In this project, we proposed to generate a mouse model for a gene that was found to be mutated in some forms of congenital ataxia, the type of ataxia that is seen in newborns and associated with a disorder in development of the cerebellum. Creating an animal model for a human disease is a critical step in understanding the basis for the disease, and in developing and testing potential therapies prior to their use in humans. Although these mice are incredible important for research to progress, they take as least a whole year to create and them at least another year to analyze and characterize the mouse, to see how similar it is to the human disease. Thus we would not expect to have significant results to report back to the NAF within the timeframe of this grant.
During the course of this research project, we determined that the initial animal model that we planned to make was untenable because it was not as easy as we thought it would be to to shift to creating a mouse model of a different genetic form of congenial ataxia for one gene that we recently found to be mutated. This ani- mal model is currently being developed in the lab, and has proceeded smoothly and according to plan. We do not have specific details of the results of the experiment yet, partly because we had to shift to a different mouse model halfway through the grant award, and partly because of the long time it takes to develop these animal models. We hope to have f irm results in the near future and look forward to acknowledging the support of the NAF on scientific reports that result from this work.
I would also like to thank NAF for the impor-
tant work it is doing to promote awareness and help in the scientif ic discovery of causes of ataxia. One of the major focus areas of my laboratory is in finding the causes for Joubert syndrome, a disease in which part of the cere- bellum fails to form. In this condition, children are born with severe medical problems, includ- ing severe muscle weakness, breathing prob- lems and ataxia. There is life-long disability and no treatment is available. Through the research we are doing, we have been able to contribute to the knowledge of this disorder by identifying the first two genes for Joubert syndrome. These genes have unknown function at present, so the f irst step is to determine their role in the function of the cerebellum. The goal of this research project is to improve the diagnosis and treatment of these conditions. I hope that we can continue to work with the NAF to move this research forward.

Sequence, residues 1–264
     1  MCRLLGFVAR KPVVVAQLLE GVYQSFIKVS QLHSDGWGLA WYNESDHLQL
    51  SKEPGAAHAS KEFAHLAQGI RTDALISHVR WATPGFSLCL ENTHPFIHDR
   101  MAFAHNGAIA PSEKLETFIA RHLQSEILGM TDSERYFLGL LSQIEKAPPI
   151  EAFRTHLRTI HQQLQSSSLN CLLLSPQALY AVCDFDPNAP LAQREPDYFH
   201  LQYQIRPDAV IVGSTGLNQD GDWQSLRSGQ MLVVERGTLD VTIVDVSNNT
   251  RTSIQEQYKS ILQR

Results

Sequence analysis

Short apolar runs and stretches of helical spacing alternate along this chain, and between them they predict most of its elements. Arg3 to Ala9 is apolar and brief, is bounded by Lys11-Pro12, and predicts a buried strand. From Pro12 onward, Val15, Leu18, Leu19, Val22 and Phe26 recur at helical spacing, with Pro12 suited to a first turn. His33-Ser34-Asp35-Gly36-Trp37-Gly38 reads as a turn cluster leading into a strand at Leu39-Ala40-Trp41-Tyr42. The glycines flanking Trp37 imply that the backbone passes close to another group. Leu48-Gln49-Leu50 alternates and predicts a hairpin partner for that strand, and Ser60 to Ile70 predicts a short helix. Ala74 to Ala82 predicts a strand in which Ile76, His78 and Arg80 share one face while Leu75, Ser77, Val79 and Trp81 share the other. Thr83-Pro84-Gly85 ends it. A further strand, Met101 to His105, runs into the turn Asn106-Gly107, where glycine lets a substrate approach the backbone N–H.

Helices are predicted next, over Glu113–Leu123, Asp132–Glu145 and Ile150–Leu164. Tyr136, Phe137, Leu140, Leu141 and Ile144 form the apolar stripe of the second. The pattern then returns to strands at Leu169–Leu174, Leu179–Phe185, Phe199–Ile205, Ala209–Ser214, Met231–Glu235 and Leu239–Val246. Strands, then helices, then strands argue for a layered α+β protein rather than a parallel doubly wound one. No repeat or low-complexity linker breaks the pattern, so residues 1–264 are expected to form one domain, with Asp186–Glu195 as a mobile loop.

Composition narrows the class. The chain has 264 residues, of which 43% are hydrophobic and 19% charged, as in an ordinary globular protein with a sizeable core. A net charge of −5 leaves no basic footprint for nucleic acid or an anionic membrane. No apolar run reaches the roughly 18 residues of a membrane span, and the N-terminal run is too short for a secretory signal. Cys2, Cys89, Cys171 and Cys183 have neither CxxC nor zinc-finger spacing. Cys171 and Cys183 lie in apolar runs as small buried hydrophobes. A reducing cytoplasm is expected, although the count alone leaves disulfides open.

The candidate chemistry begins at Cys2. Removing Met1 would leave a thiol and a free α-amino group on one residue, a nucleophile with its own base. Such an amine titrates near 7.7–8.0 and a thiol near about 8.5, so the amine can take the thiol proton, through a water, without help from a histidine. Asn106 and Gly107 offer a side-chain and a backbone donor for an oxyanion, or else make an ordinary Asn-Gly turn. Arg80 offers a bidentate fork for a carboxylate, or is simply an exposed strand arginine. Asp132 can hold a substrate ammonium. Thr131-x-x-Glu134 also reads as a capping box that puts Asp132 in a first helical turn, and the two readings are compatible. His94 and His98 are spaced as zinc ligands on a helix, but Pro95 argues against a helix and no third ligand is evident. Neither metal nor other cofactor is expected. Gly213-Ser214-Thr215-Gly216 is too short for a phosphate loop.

Also, I am proud to say that the NAF has provided important financial and administrative support for a scientific conference that we are hosting entitled “Cerebellar development: Bench to Bedside,” to be held in Washington, DC November 9-12. It will bring together the world’s experts in how the cerebellum is put together, and the kinds of diseases that can result when this process does not occur correct- ly. This will be the first conference of this type, and the timing is perfect because there has been explosion of knowledge about the causes of these disorders in humans. The NAF has helped a lot in the support of this meeting, and is yet another way that the NAF serves as a catalyst for many types of important research.
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Page 22 Generations Fall 2006
SCA26 is Caused by a Mutation in a Vital Protein Synthesis Gene, Which is the Target of Diphtheria Toxiny Guo-Yun Yu, PhD University of Minnesota
The following is a research summary of a grant funded by NAF for fiscal year 2005.
Personal stories are an important part of this Generations newsletter. They give inspiration and encouragement to our readers. We have received many letters that have expressed how a single article has changed someone’s life.
If you have a story you would like to share, we would love to hear from you. We welcome all
stories, poems and photos and will review all submissions.
Please send materials to the National Ataxia Foundation c/o Generations, 2600 Fernbrook Lane, Suite 119, Plymouth, MN 55447 or e-mail [email protected] Please include a SASE if you would like your materials returned.
Tell Your Story in Generations
We previously located the SCA26 lesion on the short arm of chromosome 19. Using candi- date gene sequencing and methods of standard population genetics, we further pinpointed the mutation to a single nucleotide change in a gene, called protein Eukaryotic translation elongation factor 2, EEF2 for short. The muta- tion caused a Histidine substitution of a Proline at position 596 (P596H) in the protein sequence coded by this gene. This gene is vital to protein synthesis. It happens that this protein is also the target of the Diphtheria toxin of the Diphtheria bacteria. The toxin attacks the posttranslational modified Histidine residue at position 715 (H715). EEF2 is a well-studied gene; the crystal structure of the protein for baker’s yeast has been resolved. This gene is well-conserved, at the protein level, 66% of the sequence of the human EEF2 are identical to the yeast EEF2. We expect the two proteins have similar structure. Using the yeast EEF2’s structure as a reference, we found that the SCA26 mutation (P596H) is the next-door neighbor of the diphtheria toxin target H715.